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Your results will depend – will depend entirely – on “exactly what-it-is that the threads or processes are doing.”

In this case, you seem to be calculating factorials.   This is a so-called CPU-Bound activity, in which every thread will always consume its full time-slice, until it is pre-empted by another thread which will dutifully consume its full time-slice, and so on.   Two threads will run twice as fast ass one; four threads, twice again as fast as two; but there, the improvements will stop, and slightly degrade to account for the overhead spent round-robin switching between threads.   (Probably too small to see.)   The capacity of the only ruling-constraint – the CPU – has been reached, and fully utilized, and of course cannot be exceeded.

Most real-world activities are I/O-Bound, either directly, due to actual input/output that they do, or indirectly, due to virtual-memory page faults which they induce by trying to use (way ...)too-much memory.   These activities are dependent in their execution speed on the capacity of the system to perform I/O.   The threads/processes spend nearly all of their time waiting for an I/O activity:   either voluntarily, for an operation that they requested, or involuntarily due to a page-fault.   CPU utilization is relatively trivial.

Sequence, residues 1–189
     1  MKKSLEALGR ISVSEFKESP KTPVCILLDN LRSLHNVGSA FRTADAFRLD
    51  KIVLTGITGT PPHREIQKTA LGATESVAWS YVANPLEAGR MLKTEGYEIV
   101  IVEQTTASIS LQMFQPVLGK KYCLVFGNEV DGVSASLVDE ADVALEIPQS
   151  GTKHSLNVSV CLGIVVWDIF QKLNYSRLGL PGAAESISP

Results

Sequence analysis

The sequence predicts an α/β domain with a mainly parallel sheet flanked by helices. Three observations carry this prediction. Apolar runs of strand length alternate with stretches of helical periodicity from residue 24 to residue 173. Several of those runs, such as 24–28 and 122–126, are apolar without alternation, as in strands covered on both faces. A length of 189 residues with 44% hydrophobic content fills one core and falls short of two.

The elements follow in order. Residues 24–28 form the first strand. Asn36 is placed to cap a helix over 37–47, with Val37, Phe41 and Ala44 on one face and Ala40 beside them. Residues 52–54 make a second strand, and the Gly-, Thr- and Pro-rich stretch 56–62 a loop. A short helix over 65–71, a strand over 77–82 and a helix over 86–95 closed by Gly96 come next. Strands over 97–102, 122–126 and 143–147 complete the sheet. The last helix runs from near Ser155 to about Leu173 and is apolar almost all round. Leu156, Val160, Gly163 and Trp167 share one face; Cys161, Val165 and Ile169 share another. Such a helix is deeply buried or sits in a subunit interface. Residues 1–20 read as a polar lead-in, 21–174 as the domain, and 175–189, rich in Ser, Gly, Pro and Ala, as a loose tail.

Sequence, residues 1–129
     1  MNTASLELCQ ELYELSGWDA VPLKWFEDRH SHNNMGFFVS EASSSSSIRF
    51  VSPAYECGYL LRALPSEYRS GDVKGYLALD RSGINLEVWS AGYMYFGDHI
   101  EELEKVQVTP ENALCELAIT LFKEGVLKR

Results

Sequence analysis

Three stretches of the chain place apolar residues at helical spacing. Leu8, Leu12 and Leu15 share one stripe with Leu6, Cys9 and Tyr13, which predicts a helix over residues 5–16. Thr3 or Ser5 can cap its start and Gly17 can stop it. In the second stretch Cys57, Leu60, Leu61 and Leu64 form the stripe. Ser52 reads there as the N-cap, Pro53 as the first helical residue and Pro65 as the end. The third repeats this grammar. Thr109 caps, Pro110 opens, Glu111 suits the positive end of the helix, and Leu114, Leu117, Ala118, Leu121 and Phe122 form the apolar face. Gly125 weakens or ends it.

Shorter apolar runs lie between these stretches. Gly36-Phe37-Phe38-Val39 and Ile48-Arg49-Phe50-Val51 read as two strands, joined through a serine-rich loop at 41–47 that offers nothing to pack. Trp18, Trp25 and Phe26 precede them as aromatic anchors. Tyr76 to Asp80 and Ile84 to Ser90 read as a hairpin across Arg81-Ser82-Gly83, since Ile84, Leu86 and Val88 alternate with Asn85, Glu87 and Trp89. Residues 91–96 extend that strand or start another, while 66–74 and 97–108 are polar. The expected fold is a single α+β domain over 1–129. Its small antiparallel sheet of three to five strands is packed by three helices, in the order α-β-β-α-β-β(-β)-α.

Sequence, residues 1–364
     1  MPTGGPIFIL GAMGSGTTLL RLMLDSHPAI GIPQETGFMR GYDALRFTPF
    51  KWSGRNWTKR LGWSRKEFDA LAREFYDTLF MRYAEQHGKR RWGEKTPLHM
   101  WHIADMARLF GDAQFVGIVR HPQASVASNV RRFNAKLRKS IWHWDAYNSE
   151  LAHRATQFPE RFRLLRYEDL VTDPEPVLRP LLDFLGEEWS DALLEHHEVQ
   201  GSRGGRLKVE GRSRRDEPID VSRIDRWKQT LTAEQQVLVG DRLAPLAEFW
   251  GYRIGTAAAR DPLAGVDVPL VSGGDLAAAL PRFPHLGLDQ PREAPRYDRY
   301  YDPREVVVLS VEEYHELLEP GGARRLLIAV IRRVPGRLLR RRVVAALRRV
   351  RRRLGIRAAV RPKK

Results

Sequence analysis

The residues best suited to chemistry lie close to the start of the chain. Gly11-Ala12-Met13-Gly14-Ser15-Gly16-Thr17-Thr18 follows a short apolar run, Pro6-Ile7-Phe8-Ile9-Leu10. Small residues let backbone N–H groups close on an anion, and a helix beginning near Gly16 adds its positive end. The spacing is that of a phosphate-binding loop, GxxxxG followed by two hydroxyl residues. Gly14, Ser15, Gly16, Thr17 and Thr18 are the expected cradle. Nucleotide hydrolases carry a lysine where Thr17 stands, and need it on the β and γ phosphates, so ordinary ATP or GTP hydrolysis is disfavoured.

Trouble is, when an I/O-bound activity begins to get stoppered-up, the degredation of throughput is “at first, linear, then exponential.”   A plot of the performance curve has a nearly right-angle “elbow” to it ... a point called thrashing, or “hitting the wall” (with a grisly and final “thud”).   (Example:   “6-at-a-time = 4 minutes; 12-at-a-time = 9 hours.”   A bit extreme, yes, but long ago I saw it happen.)

To avoid this, the best approach is to do what’s done in any fast-food restaurant:   maintain a manageable number of workers, each of which processes work from a thread-safe queue, so that, no matter how much work there is to do, the work in-process can be limited and adjusted.   (The waiting-line just gets longer, but the transactions/second remains stable.)   There are plenty of workload-management packages in CPAN to do this.


In reply to Re: Useful number of childs revisited by sundialsvc4
in thread Useful number of childs revisited [SOLVED] by karlgoethebier

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